The Leukemia & Lymphoma Society is taking a bolder stance with its latest branding campaign and tagline, “Beating Cancer Is in Our Blood,” directed by Hollywood director Zack Snyder.

The campaign is focusing on the blood cancer advocacy group’s contributions to the development of treatments, said Andrew Coccari, chief product officer at the nonprofit.

“When you think about, in last 10 years, how many drug approvals and scientific pathways [were there] that we directed funding to and believed in before anyone in pharma or healthcare was really interested in?” Coccari said. “The idea was to lay plain what we have done in this great mission.”

The campaign, developed with agency Oberland, is running nationally via digital and TV PSAs and outdoor and print advertising. The nonprofit cast a wide net for this push, Coccari said, because it has many stakeholders.

The PSAs were directed by Snyder, who made 300 and Justice League, among other films. They show the before and after of people battling and beating cancer, such as one man going from lying in a hospital bed to lifting kettlebells at the gym, and a woman shaving her head because of chemo headbanging and playing the drums.


The PSA has been paired with more traditional personal stories from cancer survivors, like Myrrah, and a blood cancer researcher talking about their experiences fighting and researching cancer.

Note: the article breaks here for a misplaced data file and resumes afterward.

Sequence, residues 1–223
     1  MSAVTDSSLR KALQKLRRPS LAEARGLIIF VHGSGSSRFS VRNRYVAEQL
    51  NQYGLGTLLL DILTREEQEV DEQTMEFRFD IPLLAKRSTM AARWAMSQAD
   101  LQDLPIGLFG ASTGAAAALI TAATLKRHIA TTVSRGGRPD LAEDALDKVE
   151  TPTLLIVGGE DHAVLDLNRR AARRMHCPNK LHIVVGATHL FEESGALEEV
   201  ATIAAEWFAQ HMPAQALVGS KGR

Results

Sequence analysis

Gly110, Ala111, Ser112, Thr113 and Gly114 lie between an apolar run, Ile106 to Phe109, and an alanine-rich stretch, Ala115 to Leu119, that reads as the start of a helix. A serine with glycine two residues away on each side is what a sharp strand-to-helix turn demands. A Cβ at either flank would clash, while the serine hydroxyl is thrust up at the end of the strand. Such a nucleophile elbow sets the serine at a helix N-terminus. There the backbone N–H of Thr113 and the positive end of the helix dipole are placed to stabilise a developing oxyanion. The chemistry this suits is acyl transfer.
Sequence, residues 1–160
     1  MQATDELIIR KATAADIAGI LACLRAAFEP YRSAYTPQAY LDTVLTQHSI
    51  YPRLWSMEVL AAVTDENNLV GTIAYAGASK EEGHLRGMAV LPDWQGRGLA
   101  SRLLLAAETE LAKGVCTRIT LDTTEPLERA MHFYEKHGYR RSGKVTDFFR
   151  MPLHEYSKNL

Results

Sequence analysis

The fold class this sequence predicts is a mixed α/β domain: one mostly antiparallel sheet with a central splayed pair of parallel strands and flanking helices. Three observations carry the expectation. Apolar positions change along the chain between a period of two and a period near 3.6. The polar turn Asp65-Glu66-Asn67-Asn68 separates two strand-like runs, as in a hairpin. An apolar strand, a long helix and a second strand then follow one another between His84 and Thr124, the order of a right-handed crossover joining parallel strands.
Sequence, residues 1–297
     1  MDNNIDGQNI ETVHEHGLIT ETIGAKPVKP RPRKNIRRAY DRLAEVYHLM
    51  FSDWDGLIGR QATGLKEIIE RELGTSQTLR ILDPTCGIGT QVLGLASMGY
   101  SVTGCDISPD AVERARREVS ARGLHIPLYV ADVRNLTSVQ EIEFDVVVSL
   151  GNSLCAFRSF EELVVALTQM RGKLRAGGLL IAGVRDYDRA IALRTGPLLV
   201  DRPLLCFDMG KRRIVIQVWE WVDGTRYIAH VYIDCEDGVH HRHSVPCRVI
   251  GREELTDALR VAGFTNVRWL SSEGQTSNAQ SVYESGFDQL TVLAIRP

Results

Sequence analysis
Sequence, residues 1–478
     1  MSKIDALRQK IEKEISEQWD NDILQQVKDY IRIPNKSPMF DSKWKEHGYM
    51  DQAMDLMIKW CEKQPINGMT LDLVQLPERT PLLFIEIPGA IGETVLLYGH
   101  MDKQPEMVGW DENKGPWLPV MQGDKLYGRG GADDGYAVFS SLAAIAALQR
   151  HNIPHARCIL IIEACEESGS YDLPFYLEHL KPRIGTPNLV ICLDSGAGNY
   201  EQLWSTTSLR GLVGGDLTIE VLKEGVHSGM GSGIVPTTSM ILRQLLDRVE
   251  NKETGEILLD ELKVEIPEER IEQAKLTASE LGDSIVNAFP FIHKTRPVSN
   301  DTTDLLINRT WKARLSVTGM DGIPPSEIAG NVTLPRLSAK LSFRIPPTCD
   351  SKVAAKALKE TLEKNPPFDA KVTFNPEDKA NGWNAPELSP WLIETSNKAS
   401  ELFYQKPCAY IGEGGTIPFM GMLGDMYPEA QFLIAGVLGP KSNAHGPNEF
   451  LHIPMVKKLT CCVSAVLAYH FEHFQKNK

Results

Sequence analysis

While planning the campaign, the marketing team identified 22 audiences, from physicians and patients to potential donors and industry opinion leaders.

“We want to make sure people don’t feel marginalized or lectured to, so our idea was keeping [the messaging] very simple,” Coccari said. “It’s different from other nonprofits. A lot of [other nonprofits’ campaigns are] about hope, it’s about the future. We want it to show leadership, but not be self-aggrandizing, and be bold, but not mean.”

The nonprofit is using the boldness to differentiate the campaign from other recent patient advocacy efforts, like the American Cancer Society’s rebrand last September. Nonprofits are pushing into marketing and branding, Coccari said, as they become more sophisticated.

“Traditionally, nonprofits don’t have really sophisticated marketing,” he explained. “The issue is that healthcare nonprofit space is very competitive. You can’t turn on a TV without seeing almost every single cancer center and national nonprofit advertising. This idea is really distilling what the Leukemia and Lymphoma Society has brought to healthcare and cancer patients over the last 65 years and really trying to look at what our body of work has been versus other healthcare nonprofits.”